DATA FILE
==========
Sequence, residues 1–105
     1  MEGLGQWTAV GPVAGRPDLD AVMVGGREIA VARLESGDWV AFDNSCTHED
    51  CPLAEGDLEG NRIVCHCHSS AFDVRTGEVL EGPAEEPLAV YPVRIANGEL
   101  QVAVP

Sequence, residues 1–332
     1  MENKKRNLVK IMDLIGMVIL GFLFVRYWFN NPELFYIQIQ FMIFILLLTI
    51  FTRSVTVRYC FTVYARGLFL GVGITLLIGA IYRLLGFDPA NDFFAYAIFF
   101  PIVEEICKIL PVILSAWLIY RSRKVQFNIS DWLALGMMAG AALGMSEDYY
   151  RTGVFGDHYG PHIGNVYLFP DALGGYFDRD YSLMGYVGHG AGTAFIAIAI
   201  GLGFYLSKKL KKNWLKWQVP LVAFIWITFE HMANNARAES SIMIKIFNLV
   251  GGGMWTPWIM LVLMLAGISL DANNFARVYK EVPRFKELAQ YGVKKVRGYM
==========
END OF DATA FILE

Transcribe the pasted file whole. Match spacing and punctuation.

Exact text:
Sequence, residues 1–105
     1  MEGLGQWTAV GPVAGRPDLD AVMVGGREIA VARLESGDWV AFDNSCTHED
    51  CPLAEGDLEG NRIVCHCHSS AFDVRTGEVL EGPAEEPLAV YPVRIANGEL
   101  QVAVP

Sequence, residues 1–332
     1  MENKKRNLVK IMDLIGMVIL GFLFVRYWFN NPELFYIQIQ FMIFILLLTI
    51  FTRSVTVRYC FTVYARGLFL GVGITLLIGA IYRLLGFDPA NDFFAYAIFF
   101  PIVEEICKIL PVILSAWLIY RSRKVQFNIS DWLALGMMAG AALGMSEDYY
   151  RTGVFGDHYG PHIGNVYLFP DALGGYFDRD YSLMGYVGHG AGTAFIAIAI
   201  GLGFYLSKKL KKNWLKWQVP LVAFIWITFE HMANNARAES SIMIKIFNLV
   251  GGGMWTPWIM LVLMLAGISL DANNFARVYK EVPRFKELAQ YGVKKVRGYM